Some anniversaries are widely observed in the West, including Japan’s attack on Pearl Harbor, Holocaust Memorial Day, and the atrocities in New York in September 2001. Yet there are other undesirable anniversaries that have largely been allowed to disappear.
1954: CIA terminates the ten-year Guatemalan Revolution
Guatemala, a small central American country, remains a ghastly nightmare to this day. The causes of its suffering can be traced to President Dwight Eisenhower implementing a CIA-run coup that installed successive military dictatorships.
Guatemala had been enjoying a ten-year revolution (1944–1954), firstly under Juan José Arévalo, who introduced a minimum wage and increased funds for education. Arévalo’s democratically elected successor in 1951, Jacobo Árbenz, instituted land reforms to grant property to landless peasants.
Such inclusive measures were deemed an unacceptable threat to US hegemony over the western hemisphere. Árbenz’s policies threatened the United Fruit Company, a powerful corporation that exploited Guatemalan workers, which had direct ties to Eisenhower’s government through John Foster Dulles (secretary of state) and his brother Allen Dulles (director of the CIA). The company aggressively lobbied Eisenhower, who authorised the CIA to aid a force led by the impending right-wing dictator, Carlos Castillo Armas.
With the further threat of invasion by American forces, the Guatemalan army eventually refused to fight on—an error of historic proportions. Almost four decades of civil war followed, as successive US-backed dictators committed atrocities such as genocide against the Maya people.
1963: Juan Bosch toppled in the Dominican Republic
Interference by the United States in the Dominican Republic goes back to the governments of William Howard Taft and Woodrow Wilson in the early twentieth century. Wilson, for example, ordered the invasion of the country by US marines in 1916, who remained for more than six years—an occupation reviled by the Dominican population.
The democratic election of a socialist reformer, Juan Bosch, in February 1963, replacing a military junta, caused great concern in elite American circles. Their fears were quickly realised as Bosch undertook progressive steps that the Dominican population had never known before (or since), including plans to reduce poverty, declaring labour rights, strengthening unions, rights for farmers, and so on. Bosch was declared “a communist” by pro-US business magnates and members of the army. On 25 September 1963 a group of military commanders, led by Elías Wessin y Wessin, with crucial US support, expelled Bosch from the country.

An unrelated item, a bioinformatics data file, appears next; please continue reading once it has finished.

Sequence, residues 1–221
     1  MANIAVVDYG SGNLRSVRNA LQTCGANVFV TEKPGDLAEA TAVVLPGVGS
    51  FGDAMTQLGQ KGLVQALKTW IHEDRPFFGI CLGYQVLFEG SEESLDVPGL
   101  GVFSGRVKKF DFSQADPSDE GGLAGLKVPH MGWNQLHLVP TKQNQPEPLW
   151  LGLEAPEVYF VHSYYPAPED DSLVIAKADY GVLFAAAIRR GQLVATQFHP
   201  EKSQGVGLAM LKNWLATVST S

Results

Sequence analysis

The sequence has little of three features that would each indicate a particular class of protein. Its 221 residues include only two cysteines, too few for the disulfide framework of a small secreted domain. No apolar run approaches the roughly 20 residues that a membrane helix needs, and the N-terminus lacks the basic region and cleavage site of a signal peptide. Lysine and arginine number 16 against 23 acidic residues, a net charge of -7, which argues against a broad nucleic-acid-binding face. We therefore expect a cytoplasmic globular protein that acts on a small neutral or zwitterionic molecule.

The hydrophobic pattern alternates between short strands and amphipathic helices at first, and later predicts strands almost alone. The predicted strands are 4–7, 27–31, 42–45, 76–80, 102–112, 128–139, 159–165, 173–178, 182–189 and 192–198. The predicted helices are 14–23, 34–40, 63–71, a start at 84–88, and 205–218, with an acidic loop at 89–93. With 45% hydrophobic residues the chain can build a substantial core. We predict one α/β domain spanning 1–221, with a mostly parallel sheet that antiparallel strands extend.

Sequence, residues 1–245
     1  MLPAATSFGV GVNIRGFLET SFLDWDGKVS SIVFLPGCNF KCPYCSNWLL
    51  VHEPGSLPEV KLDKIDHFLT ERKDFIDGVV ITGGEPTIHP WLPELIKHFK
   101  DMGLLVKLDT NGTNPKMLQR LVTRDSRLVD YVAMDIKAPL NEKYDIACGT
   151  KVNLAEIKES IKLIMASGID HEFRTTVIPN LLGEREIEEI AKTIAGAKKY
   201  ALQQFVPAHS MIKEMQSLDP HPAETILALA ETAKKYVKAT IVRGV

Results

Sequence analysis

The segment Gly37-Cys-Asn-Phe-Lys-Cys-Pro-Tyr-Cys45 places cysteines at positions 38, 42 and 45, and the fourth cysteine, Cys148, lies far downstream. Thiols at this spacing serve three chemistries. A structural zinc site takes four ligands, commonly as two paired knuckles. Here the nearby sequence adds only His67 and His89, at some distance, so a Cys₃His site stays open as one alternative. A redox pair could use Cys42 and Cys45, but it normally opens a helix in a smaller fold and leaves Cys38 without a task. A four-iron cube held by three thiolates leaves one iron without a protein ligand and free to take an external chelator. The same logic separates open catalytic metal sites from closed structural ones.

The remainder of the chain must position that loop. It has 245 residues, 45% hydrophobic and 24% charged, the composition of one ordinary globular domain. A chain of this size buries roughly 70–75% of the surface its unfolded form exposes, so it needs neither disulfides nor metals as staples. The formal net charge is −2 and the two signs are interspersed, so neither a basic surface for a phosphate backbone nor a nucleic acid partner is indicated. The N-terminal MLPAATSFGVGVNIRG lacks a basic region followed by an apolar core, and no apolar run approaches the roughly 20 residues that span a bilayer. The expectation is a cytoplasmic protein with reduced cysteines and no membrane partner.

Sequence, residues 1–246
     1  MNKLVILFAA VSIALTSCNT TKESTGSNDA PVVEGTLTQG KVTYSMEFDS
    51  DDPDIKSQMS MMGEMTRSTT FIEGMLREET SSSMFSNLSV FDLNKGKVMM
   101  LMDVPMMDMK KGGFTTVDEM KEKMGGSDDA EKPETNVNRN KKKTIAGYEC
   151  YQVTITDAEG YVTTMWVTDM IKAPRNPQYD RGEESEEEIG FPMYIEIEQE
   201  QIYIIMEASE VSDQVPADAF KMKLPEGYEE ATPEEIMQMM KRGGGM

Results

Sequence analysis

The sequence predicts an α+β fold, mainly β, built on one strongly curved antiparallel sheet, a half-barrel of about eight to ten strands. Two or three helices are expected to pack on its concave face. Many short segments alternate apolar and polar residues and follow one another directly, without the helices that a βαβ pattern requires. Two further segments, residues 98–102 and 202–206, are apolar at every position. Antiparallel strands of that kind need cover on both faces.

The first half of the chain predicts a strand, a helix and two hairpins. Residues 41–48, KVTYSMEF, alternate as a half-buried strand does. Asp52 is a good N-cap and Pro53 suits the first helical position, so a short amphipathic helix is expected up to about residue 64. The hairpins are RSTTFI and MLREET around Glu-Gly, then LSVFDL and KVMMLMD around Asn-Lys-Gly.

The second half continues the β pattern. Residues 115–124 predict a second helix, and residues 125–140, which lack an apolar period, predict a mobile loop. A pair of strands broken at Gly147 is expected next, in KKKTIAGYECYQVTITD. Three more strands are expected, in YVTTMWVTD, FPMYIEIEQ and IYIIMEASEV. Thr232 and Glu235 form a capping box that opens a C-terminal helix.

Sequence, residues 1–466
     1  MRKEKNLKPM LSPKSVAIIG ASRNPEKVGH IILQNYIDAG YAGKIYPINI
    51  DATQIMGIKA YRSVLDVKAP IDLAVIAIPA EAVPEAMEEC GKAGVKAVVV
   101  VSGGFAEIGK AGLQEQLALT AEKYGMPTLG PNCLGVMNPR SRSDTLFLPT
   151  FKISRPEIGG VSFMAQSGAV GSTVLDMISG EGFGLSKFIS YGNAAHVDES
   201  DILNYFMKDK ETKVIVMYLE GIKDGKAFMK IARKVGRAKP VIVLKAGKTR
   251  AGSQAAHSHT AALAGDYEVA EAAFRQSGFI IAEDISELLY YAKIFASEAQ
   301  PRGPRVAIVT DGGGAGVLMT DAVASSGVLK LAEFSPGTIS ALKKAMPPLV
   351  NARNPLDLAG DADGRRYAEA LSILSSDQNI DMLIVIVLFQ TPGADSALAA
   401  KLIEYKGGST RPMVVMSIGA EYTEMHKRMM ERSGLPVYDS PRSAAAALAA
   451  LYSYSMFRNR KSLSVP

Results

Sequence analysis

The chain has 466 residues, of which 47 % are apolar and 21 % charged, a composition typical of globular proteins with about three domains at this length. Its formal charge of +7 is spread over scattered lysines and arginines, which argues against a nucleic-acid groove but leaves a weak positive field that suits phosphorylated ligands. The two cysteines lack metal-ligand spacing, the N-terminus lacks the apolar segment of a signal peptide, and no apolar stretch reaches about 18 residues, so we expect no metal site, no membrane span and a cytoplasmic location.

1964: US-backed forces overthrow the government of Brazil
A left-wing nationalist, João Goulart, became the democratically elected president of Brazil in September 1961, setting alarm bells clattering within the liberal Kennedy government. Goulart began implementing structural reforms in the massive resource-rich South American country that would help integrate the general population in society. The United States was loath to sit helplessly by, as this movement came within “our hemisphere,” as President Kennedy described it.
Goulart was hostile towards US capitalist democracy, which seeks to primarily serve elite powers. Shortly before his death Kennedy had been preparing the groundwork for ousting Goulart; the coup (31 March to 1 April) took place less than five months later under the reign of his successor, Lyndon Johnson. “We just can’t take this one [social movement],” warned Johnson.
Goulart’s toppling received crucial CIA funds and arms, while Brazil was placed under a neo-Nazi dictatorship that tortured its people for more than twenty years.
1976: Argentine government overthrown by US-backed forces
The Argentine coup of 1976 was the sixth, and final, forced government change in the country during the twentieth century. The US-backed Argentine armed forces installed the most vicious Latin American military dictatorship of all, responsible for tens of thousands of murdered and “disappeared,” under convicted war criminals such as Jorge Rafael Videla and Reynaldo Bignone. Revealingly, the Nazi-style regime was a favourite of President Ronald Reagan.
The coup toppled Isabel Perón, the first female president in world history, wife and successor of the deceased president Juan Perón.
Henry Kissinger, the US secretary of state, met several Argentine military commanders, suggesting that they crush their enemies before human-rights issues became known to the American public. “We read about human rights problems, but not the context. The quicker you succeed the better,” he said. So, not for the first time, Kissinger (winner of the Nobel Prize for Peace), was implicated in war crimes.
1983: US invasion of Grenada
The American invasion of the tiny Caribbean island of Grenada (under President Ronald Reagan) drew a scathing international response from the UN General Assembly. It “deeply deplores” the intervention, it said, which “constitutes a flagrant violation of international law.” It further condemned “the deaths of innocent civilians . . . [and] the killing of the Prime Minister [Maurice Bishop].”
The intervention was even opposed by most NATO countries and US allies, including France, Portugal, Australia, Spain, and the Netherlands—all irrelevant criticism for elite Western figures that believe the United States should be a law unto itself.
The usual pretexts for the invasion of Grenada were put forward by the US government, and obediently relayed by the free press: Grenada was a “Marxist dictatorship,” and the US army was on a “rescue mission” to defeat a Cuban military presence defending “this outpost of Soviet imperialism.” The true reason for the attack? To expel a government not amenable to American hegemonic demands and that might act as a further example of defiance (after Cuba). The abysmal after-effects for Grenadians was quickly airbrushed from history.